The main Argentine agriculture and business show is annually held on the grounds of Palermo, since Saturday in its major ring where the best cattle, sheep, and horses of the event are paraded, has in the center peaty soil from the Falkland Islands.
In effect last Saturday when the Palermo agribusiness show came to an end, with all the color, pomp, display and speeches of such an occasion, there was a special homage to Argentina's Falklands war Veterans and the fallen in combat who did not return.
At midday loudspeakers announced the ceremony and a group of Veterans, some in full uniform, carrying a worn out and extended Argentine flag walked into the middle of the ring where the parades had taken place.
People stood up, shouting Long live the mother land and Argentina
It was according to the Buenos Aires media the first time the powerful Argentine Rural Society honored the Veterans at its grounds, and it was also the occasion to commemorate the fortieth anniversary of the South Atlantic conflict.
And it was particularly symbolic since the eldest brother of the Argentine Rural Society president Nicolas Pino, Esteban is a Malvinas Veteran and recalled what happened forty years ago. Esteban was 19 and had just finished his military conscription, when he was called back to the barracks.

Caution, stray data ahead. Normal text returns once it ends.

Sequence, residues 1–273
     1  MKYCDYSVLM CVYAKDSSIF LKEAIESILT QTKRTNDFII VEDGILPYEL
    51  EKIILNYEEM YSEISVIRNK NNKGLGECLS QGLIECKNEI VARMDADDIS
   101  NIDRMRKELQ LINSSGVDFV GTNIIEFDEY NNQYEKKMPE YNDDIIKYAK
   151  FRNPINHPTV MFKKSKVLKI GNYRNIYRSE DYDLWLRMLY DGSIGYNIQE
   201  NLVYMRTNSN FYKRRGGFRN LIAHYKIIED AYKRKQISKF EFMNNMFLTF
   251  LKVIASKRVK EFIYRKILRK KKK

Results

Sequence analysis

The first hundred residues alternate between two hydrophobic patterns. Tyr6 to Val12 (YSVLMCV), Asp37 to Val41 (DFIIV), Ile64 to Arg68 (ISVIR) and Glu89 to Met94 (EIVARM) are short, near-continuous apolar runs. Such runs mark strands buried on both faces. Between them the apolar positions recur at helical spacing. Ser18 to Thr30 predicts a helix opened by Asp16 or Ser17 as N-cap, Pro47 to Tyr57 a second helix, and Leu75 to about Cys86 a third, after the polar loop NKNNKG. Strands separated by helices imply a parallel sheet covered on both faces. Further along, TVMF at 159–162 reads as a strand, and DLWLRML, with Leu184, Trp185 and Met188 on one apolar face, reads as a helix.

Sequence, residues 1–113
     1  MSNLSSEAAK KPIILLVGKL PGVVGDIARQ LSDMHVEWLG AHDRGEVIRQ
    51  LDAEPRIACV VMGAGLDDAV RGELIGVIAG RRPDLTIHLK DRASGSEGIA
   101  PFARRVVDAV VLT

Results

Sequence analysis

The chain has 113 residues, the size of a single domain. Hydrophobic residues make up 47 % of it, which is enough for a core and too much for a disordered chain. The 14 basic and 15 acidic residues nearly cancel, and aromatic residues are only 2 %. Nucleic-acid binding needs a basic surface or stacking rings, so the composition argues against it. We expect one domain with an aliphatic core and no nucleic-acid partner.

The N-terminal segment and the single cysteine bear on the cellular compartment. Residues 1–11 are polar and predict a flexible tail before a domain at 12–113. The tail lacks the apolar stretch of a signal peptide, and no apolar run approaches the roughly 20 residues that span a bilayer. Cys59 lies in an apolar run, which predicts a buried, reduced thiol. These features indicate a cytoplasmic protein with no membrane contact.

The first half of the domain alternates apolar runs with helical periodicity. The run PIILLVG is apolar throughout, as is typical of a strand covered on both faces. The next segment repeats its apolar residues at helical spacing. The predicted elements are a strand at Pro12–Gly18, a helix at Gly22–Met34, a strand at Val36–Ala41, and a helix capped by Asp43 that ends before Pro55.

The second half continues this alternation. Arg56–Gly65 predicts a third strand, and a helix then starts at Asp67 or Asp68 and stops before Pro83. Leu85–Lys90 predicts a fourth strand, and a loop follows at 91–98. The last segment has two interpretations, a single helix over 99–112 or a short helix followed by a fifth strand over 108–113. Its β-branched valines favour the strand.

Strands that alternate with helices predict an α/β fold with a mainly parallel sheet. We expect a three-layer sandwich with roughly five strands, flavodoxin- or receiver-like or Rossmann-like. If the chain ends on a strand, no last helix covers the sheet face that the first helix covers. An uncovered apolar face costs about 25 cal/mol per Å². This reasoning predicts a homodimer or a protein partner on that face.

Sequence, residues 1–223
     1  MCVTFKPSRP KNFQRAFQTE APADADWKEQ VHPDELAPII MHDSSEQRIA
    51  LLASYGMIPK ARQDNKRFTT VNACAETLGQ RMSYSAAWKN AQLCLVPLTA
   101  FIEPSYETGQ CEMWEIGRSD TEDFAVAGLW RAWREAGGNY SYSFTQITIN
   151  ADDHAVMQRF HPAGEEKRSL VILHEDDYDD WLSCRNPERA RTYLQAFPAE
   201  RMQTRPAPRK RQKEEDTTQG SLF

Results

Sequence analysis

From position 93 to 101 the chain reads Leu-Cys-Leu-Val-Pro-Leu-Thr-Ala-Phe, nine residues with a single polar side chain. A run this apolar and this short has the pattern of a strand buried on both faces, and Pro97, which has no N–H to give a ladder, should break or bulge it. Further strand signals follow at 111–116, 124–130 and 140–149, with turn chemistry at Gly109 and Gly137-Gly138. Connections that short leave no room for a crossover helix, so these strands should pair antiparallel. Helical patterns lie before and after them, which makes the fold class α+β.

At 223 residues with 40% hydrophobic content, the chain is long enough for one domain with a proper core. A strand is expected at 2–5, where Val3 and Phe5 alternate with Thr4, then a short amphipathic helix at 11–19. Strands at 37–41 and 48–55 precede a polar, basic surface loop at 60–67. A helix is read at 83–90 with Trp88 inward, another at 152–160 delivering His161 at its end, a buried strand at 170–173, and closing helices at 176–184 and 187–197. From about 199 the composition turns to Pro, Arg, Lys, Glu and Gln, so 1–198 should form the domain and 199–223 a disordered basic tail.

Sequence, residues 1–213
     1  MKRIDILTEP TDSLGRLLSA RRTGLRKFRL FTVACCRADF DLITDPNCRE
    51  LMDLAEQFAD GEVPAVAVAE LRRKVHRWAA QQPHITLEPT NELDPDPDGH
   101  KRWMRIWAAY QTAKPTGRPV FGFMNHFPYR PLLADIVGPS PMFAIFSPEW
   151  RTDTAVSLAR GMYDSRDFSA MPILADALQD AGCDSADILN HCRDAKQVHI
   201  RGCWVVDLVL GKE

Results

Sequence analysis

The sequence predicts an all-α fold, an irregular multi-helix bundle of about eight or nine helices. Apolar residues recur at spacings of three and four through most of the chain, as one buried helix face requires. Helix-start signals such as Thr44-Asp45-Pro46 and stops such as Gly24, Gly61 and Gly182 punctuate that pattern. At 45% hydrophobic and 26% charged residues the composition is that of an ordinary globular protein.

With his brother Nicolas they took a bus from Olavarría where the family's farm was and headed for Buenos Aires, more precisely to the La Tablada regiment. Forty eight hours late he was flown to the Falklands, but on returning at the end of the war, for twenty five years he refused to talk about the combats and his experience.
I simply couldn't talk about Malvinas, he admitted.
With a psychologist and family support, and a friend from the war they finally wrote a book about their memories, lest we forget.
In the Falklands he was involved in Mount William combats, close to Stanley towards the end of the war, and finally was made prisoner.
During a week prisoners were forced to clean up the mess of the war in Stanley, and a few days later he was shipped with hundreds more to Comodoro Rivadavia.
There they had us in the barracks feeding us on all we had missed in the Falklands with our miserable rations, but the main factor that helped him survive was the enormous family contention. Many of my colleagues never received it, and it has been painful, terribly painful, we have more combatants that committed suicide than dead in the war.
Twenty years ago he left for Uruguay and currently is in the supermarket business in Montevideo.
Following on other speeches and experience accounts, the Rural Society leadership and other political officials met the Veterans at the center of the main ring, with people applauding, shouting patriotic slogans and giving support.
Then came the culmination of the event, when the Veterans who had kept for forty years, a small recipient with Falklands peaty soil, spread part of it and buried the rest.
Applause and a deafening silence for a few long seconds. An emotional Argentina paid homage to its Veterans.